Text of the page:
Guess who’s bailing out bankrupt western governments now…

July 5, 2012
Jakarta, Indonesia

Fourteen years ago during the Asian financial crisis, Indonesia endured a currency collapse, a severe 2-year recession, and an embarrassing IMF bailout.

Western bureaucrats wagged their fingers incessantly at Indonesia, lecturing the country about the dangers of excess and fiscal irresponsibility.

How sweet the irony is. In a stunning rags-to-riches story, Indonesia contributed US$1 billion to the IMF last week in order to help bail out bankrupt Western nations.

As I’ve written before, unlike Japan, the US, and Europe — which all seem to think the answer to an economic bust brought on by a debt-binge is to borrow and spend even more money– Indonesia took its medicine when its economy collapsed back in 1998.

The government cut spending. The economy was de-regulated and thrown open to more foreign investment.

The banking system was restructured, and after a difficult and admittedly very painful two years, the foundation was laid for new economic expansion, which continues to this day.

To be sure, the 1998 collapse of the Indonesian economy cost the incumbent political elite here their cushy positions. President Suharto’s three-decade long iron-grip came to an ignominious end. There were riots in the streets, and he was literally turfed out of office.

But so what? That’s EXACTLY what was needed. Part of the renewal process should always be to ship out the dead wood.

Wandering the streets of Menteng this week, Jakarta’s most up-market residential suburb, it’s as though the Suharto era never existed. The street where he used to live is just another non-descript, quiet, residential street in this leafy inner-city suburb.

Ironically, US President Barack Obama spent some of his childhood in this same suburb of Jakarta.

Unfortunately, as he pulls out all stops to cling to power for a second term, the kind of tough decisions that could help the US emerge from its economic malaise have no chance of being made.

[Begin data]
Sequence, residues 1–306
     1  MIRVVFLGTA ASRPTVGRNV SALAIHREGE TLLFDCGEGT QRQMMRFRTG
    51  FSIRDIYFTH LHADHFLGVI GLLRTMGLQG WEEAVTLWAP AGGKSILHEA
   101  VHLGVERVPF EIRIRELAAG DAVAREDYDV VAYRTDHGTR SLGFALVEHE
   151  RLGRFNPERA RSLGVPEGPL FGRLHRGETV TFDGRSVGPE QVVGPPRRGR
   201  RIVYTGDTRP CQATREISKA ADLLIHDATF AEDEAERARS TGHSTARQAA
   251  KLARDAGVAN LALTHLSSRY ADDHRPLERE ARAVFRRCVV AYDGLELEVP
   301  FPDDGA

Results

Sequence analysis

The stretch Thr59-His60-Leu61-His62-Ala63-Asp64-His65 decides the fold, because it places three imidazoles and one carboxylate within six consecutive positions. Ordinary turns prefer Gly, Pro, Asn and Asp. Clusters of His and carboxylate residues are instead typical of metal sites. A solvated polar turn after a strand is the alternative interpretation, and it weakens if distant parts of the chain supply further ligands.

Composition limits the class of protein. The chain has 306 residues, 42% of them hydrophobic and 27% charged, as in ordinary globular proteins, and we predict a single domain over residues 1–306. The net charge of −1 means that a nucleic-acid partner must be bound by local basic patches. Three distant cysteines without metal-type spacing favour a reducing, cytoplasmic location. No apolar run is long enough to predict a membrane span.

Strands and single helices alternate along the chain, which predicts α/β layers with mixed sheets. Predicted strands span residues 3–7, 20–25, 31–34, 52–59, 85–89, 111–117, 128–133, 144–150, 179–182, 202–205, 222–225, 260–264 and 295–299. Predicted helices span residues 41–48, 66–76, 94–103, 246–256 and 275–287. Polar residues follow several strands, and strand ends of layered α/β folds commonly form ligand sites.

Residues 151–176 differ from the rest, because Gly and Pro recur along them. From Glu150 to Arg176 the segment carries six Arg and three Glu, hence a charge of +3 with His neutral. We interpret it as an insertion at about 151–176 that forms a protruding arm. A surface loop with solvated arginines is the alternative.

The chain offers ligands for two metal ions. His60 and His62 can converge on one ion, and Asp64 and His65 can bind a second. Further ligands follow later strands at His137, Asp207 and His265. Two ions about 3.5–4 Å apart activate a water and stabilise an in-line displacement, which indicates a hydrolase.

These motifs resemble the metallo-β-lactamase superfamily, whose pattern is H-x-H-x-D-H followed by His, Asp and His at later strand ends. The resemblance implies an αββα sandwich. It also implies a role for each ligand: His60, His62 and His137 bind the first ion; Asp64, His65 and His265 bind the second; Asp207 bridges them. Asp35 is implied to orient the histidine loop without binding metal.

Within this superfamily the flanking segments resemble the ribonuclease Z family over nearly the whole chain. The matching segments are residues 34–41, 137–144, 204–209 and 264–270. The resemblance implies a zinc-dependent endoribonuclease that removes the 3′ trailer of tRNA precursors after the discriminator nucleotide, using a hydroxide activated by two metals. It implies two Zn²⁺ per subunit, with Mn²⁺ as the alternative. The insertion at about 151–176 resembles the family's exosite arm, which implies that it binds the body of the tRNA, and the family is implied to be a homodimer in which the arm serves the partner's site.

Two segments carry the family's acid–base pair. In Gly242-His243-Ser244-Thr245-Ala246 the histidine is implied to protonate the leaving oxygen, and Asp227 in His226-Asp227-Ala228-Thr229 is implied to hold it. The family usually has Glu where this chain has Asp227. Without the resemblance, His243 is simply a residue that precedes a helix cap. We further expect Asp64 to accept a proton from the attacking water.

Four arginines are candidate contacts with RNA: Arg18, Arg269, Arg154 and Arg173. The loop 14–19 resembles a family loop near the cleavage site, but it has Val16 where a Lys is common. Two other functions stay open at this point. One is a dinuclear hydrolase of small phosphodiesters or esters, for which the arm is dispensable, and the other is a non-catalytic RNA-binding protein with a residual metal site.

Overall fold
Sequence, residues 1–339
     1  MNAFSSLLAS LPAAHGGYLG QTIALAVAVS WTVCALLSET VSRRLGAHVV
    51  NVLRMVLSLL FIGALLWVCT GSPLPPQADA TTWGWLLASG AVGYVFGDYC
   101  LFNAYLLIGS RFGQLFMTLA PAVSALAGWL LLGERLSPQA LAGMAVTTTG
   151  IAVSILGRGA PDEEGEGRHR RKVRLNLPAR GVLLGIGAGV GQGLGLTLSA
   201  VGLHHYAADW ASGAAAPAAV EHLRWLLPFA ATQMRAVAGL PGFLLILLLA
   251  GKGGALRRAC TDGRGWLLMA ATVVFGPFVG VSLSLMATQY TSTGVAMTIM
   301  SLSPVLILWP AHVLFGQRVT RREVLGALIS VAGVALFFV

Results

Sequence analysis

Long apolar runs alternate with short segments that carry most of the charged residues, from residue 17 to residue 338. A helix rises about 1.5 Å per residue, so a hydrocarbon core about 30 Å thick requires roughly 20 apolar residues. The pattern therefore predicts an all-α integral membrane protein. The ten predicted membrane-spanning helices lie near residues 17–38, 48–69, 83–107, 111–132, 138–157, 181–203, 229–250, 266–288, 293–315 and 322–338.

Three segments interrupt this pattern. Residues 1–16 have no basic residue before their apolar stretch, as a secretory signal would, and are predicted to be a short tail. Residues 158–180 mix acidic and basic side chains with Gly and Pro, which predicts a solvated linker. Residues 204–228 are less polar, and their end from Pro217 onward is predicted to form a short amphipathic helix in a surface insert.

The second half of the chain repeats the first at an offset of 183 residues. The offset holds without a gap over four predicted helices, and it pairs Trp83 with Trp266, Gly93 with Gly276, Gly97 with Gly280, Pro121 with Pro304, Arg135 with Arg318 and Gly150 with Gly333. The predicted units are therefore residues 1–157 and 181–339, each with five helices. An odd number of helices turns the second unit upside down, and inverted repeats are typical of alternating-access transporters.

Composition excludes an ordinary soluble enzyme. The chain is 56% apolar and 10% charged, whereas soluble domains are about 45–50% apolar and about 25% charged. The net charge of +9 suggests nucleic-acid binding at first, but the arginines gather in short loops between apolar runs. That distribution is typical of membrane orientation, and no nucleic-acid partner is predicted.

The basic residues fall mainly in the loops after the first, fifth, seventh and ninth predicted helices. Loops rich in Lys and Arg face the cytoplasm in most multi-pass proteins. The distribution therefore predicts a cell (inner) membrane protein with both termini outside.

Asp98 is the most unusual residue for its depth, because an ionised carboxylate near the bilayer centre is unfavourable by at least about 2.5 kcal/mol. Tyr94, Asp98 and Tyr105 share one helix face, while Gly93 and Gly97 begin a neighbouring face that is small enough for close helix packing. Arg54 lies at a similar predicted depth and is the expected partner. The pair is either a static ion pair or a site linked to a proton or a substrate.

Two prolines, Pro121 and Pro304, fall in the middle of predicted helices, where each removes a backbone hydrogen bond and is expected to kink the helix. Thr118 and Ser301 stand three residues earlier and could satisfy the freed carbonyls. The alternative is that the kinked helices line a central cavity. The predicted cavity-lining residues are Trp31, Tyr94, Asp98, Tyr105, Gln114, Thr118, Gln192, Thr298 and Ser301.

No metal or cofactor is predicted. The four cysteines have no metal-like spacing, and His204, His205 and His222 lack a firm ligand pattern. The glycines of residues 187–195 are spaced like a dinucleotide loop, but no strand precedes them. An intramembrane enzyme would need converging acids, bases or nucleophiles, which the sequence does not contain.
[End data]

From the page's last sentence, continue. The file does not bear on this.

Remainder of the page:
Lest anyone accuse me of being “anti-Obama” or, shock-horror, FOR the Republicans, let me state emphatically that the PROBLEM is not one side of the aisle or the other. In fact, whoever coined the terms “Demopublicans” and “Repulicrats,” is right on the money in my book.

It’s the ENTIRE system that’s the problem. And that goes for nearly every Western, “free market,” democracy out there.

I use the term “free market” reluctantly, because these economies are anything but. There has not been a true free market economy anywhere in the Western world for many decades.

The most important price of all — that of MONEY — is completely rigged by a small band of dark-suited men who sit around an impressive boardroom table and DECREE what interest rates should be. It is a farce.

Moreover, politicians from opposing sides of the political spectrum may disagree in public and harangue each other in the press.

But, at the end of the day, they’re generally all members of the same club– a cabal of privileged, self-righteous individuals who think they know how to spend your money better than you do.

This system has a vice grip on society, and nothing short of a revolution– such as what Indonesia experienced in 1998– will force any change.

That leaves most people with a rather interesting choice—stay at home in a declining, bankrupt, insolvent nation and hope that a social and political revolution comes quickly…

… or head to greener pastures, to a place that’s stable, thriving, and has already swallowed its medicine.

Here at Sovereign Man, we strongly urge you to come on in. The water’s fine, and the view is much better from this side.

Tim Staermose
Chief Investment Strategist
Sovereign Man

About the author

Tim Staermose is Sovereign Man’s Chief Investment officer, based in the Asia-Pacific region. Born to a Danish father and British mother in Dar Es Salaam, Tanzania, Tim has led an international life since the day he was born. He has lived and worked throughout Asia, primarily focusing on equity research and emerging market opportunities.

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